Prior to the trip to Edmonton, Tavares had been struggling to produce in five-on-five play with only 10 even-strength points in 21 games. Since then, he's amassed 27 even-strength points in 33 games.
"He got some results right away from it and sometimes that's all it takes to get rolling," Spezza said. "He's a pretty talented player and I think he could use any stick, but it’s good to see him have success with that."
It's not easy to get new sticks made and delivered during the pandemic so Tavares actually ended up using the twigs belonging to a teammate – Pierre Engvall – for a stretch.
"I wasn't sure I was going to want something made if I didn't like the pattern or curve he was using," Tavares said of this experimental phase. "I made one little tweak to it when I got my own made, but that's the one I was using there for about a month."
Once Tavares got his own personalized sticks, his offence took off even more. He has 18 even-strength points in 17 games since April 4.
The Leafs clinched first place in the North Division on Saturday night, but they aren't done studying the standings.
"We'd like to make a push and continue to climb higher and higher in league as well and definitely push for that so, all in all, a pretty exciting week for us," said Matthews.
Toronto still has an outside shot at finishing first overall and winning the Presidents' Trophy. There are three teams in contention for that prize. The Leafs are two points behind the Colorado Avalanche who have two games remaining. They are four points behind the Vegas Golden Knights, who have one game left. Toronto has two games left and owns the tiebreaker (regulation wins) with Vegas, but not Colorado.
In the third round of the playoffs, the remaining teams will be re-seeded so the overall standings are important.
"We still have positioning to play for although the division is taken care of," Tavares said. "That's thinking down the road, but [that’s] what we're trying to get to and ... there’s still some jostling there."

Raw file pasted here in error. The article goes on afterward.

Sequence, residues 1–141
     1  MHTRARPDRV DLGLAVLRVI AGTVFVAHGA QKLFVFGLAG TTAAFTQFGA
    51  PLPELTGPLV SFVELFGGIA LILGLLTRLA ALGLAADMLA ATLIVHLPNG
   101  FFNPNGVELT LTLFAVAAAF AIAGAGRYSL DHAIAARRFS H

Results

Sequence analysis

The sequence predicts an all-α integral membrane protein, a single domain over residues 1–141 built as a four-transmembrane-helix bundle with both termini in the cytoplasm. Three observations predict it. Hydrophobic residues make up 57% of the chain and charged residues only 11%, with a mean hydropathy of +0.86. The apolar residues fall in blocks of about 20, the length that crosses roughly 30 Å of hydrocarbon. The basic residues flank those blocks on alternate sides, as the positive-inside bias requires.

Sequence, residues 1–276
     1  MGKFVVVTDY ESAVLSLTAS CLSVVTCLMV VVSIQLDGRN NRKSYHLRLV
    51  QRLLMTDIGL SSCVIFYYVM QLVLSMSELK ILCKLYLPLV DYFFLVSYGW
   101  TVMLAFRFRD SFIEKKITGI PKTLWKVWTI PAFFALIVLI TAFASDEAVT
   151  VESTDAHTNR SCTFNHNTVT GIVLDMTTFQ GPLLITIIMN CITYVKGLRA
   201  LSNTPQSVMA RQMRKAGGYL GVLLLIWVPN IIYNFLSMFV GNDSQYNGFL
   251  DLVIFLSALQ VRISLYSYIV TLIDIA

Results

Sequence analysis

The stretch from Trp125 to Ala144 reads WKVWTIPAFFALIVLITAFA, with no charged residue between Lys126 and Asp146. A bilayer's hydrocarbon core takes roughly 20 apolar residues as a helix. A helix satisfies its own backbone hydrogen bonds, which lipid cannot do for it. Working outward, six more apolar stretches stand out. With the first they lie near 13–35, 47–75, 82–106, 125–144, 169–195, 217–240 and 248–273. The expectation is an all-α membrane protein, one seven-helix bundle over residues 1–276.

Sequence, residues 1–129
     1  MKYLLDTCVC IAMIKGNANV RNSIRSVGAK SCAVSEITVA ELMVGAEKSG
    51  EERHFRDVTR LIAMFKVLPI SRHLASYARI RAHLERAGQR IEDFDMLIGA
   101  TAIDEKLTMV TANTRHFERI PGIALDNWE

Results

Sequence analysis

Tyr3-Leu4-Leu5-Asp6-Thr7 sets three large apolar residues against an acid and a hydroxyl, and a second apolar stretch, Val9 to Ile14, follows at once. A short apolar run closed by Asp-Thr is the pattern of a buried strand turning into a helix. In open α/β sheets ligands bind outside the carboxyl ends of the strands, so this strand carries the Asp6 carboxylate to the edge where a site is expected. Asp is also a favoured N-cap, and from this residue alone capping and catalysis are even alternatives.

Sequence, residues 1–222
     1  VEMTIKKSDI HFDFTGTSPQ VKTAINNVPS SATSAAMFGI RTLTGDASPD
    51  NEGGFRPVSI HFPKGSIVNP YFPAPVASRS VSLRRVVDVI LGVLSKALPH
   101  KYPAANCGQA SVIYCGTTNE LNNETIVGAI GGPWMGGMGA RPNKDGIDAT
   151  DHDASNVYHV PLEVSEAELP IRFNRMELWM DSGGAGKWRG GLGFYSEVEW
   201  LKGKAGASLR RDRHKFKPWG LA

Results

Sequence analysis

The Leafs currently sit sixth overall one point behind the Pittsburgh Penguins who are done their 56-game schedule. Toronto is three points behind Florida and four behind Carolina, with both teams done with their regular-season schedules.
The Leafs spent plenty of time on special teams work at practice, but there was a wrinkle. The power play reps were timed and sprinkled in throughout the workout between the five-on-five drills instead of being done all at once. That created more of a game-like feel.
Toronto failed to convert on nine chances over three games against Montreal last week. The Leafs have scored just five power-play goals on 71 opportunities over the last 30 games.
"I feel that the guys, they're working hard and we're trying to get some stuff going and today was a good day," said Muzzin, who quarterbacks the second unit. "It’s important going into the playoffs to have your special teams clicking so we wanted to touch on that."
Lines at Tuesday's practice:
Hyman - Matthews - Marner
Foligno - Tavares - Nylander
Kerfoot - Nash - Mikheyev
Thornton - Spezza - Simmonds
Rielly - Brodie
Muzzin - Holl
Hutton - Dermott
Sandin - Hollowell
Power-play units at Tuesday's practice:
Marner - Tavares - Matthews
Kerfoot - Thornton - Spezza